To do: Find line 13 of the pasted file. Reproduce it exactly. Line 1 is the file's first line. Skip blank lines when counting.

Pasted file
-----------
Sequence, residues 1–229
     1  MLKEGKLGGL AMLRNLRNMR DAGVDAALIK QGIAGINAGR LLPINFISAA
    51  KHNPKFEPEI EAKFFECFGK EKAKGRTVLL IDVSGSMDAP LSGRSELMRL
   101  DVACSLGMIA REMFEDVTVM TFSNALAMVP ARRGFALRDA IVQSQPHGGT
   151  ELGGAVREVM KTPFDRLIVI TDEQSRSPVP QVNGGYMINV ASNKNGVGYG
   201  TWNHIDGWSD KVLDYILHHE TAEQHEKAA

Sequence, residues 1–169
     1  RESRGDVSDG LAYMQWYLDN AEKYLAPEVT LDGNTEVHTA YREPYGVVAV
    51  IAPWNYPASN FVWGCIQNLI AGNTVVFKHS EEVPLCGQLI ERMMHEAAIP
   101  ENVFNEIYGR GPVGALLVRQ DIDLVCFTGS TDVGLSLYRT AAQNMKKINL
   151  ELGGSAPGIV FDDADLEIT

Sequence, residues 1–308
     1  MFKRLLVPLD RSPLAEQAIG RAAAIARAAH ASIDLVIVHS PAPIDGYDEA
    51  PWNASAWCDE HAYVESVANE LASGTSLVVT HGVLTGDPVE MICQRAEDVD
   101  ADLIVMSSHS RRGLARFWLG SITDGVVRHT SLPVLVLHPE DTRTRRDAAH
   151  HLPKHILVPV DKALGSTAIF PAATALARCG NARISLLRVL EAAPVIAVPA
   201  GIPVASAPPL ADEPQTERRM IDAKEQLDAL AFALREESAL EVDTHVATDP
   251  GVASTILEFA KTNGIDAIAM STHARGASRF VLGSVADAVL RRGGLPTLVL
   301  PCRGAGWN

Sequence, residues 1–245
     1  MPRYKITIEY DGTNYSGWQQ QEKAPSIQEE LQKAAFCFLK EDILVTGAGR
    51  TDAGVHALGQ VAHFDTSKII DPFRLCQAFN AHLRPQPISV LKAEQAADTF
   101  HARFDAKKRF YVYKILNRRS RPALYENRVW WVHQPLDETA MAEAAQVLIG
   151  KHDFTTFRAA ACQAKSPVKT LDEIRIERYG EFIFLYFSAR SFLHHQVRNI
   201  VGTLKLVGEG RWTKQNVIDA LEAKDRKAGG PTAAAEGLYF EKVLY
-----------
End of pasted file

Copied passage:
     1  MFKRLLVPLD RSPLAEQAIG RAAAIARAAH ASIDLVIVHS PAPIDGYDEA